Men are more likely to file their self-assessment tax returns on time than their female counterparts, according to new research published this week by HM Revenue and Customs (HMRC).
With 294 of every 10,000 tax returns completed late by men, compared with 303 late tax returns filed by women, it’s the men who win the gender battle by the slender margin of just nine tax returns per 10,000.
Gender is not the only defining factor on who is more likely to miss this weekend's 31st January deadline for 2014-15 self-assessment; age plays a key role too.
Only 118 of every 10,000 tax returns filed late came from taxpayers aged 65 and over, placing them at the top of the class for punctuality. However, there is undoubted room for improvement with taxpayers aged 18 to 20-years-old who file 949 of every 10,000 tax returns beyond the 31st January deadline.
There is also a marked difference in late tax return filing between different UK industries. The most reliable self-assessment filers are the agriculture, fishing and forestry industry, with only 71 in every 10,000 tax returns submitted late.
Lawyers and accountants came second (147 returns late per 10,000), followed by the financial, insurance and real estate sectors (212 returns late per 10,000).
The worst offending industries were the administrative and support services (359 returns late per 10,000), followed by the information and communication industries (330 per 10,000) and the education sector (292 per 10,000).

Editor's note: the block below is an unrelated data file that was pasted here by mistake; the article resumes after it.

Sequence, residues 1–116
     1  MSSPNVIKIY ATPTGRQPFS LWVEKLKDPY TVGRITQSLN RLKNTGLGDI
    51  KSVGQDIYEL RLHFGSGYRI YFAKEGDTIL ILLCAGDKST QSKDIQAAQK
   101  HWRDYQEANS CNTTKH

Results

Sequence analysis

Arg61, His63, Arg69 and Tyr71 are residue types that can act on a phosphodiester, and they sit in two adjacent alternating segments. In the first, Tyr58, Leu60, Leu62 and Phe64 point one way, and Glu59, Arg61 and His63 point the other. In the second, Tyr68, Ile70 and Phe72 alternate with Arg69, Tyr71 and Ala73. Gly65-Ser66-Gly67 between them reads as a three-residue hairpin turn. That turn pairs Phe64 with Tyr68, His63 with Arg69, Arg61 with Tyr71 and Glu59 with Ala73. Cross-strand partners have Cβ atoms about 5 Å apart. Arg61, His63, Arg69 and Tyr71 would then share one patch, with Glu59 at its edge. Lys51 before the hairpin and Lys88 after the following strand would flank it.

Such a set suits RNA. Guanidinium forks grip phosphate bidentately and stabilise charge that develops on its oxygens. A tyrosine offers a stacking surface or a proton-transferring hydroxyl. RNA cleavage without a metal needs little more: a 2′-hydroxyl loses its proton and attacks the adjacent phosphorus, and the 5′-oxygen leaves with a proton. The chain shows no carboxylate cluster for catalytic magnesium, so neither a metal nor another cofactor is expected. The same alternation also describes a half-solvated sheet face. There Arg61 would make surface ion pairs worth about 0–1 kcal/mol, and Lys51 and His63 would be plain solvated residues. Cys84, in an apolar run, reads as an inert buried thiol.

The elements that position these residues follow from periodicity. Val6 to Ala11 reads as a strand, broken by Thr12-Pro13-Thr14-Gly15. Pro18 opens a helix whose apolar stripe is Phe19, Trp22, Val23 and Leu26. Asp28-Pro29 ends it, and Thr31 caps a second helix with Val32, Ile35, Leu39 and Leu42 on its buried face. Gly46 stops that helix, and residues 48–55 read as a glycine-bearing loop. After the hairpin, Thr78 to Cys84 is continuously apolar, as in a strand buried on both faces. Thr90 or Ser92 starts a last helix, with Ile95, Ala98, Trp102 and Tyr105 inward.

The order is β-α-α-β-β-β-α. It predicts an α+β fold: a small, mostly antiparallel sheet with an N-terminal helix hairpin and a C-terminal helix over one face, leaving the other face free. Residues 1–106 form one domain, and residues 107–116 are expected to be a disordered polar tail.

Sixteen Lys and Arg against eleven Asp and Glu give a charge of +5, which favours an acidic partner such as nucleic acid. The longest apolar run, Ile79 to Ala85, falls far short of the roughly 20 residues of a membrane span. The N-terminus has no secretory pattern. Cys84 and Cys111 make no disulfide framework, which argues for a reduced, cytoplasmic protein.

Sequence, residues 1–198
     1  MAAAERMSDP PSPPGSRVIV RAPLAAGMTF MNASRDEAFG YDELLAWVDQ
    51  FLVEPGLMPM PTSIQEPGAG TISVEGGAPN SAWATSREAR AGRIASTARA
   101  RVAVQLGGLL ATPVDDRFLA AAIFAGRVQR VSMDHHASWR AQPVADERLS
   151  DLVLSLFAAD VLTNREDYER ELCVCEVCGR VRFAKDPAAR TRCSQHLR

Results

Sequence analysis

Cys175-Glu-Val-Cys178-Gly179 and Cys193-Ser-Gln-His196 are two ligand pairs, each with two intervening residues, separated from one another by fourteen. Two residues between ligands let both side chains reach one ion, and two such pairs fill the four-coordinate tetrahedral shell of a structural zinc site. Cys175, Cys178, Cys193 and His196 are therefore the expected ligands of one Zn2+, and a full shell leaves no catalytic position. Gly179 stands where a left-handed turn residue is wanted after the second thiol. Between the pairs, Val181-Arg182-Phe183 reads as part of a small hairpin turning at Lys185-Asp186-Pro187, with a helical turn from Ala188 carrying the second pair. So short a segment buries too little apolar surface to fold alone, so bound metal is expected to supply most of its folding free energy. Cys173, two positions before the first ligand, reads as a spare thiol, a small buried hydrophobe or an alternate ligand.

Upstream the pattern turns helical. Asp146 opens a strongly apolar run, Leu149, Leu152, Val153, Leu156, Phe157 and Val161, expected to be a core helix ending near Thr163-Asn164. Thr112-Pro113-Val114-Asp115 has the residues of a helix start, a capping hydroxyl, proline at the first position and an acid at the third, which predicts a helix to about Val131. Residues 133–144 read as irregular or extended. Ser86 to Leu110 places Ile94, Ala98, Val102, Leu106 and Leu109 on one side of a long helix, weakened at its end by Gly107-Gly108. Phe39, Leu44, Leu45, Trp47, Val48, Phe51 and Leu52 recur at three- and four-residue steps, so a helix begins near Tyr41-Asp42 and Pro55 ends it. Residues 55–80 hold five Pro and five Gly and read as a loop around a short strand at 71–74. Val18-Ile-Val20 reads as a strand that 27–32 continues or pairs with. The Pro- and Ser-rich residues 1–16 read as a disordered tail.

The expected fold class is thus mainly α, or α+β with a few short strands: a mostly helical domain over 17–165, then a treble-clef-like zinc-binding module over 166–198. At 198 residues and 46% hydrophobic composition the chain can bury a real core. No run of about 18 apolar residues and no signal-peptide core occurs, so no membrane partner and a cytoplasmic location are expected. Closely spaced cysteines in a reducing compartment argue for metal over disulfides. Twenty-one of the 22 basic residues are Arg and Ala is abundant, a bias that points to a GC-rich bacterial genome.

There were interesting correlations when comparing regional demographics with taxpayers based in London the most likely to file tax returns beyond the 31st January deadline (402 tax returns late per 10,000). Meanwhile those living in the South West of England were the least likely to miss the deadline with 236 late returns per 10,000.
Ruth Owen, director general of personal tax, HMRC, said: “It doesn’t matter if you’re a man or woman, young or old, whether you live in Newcastle or Cardiff, - if you need to complete a tax return, you need to do it now.
“Our online service has a wide range of resources to help taxpayers complete their tax return and can be accessed 24-hours a day to suit everyone’s working pattern.
“Our advice is to not leave it until the eleventh hours – act now to prevent getting caught up in a last-minute rush.”
There is only three days left for UK taxpayers to submit their online tax returns for the 2014-15 financial year and pay what they owe; avoiding a £100 late filing penalty.
Image: HM Revenue & Customs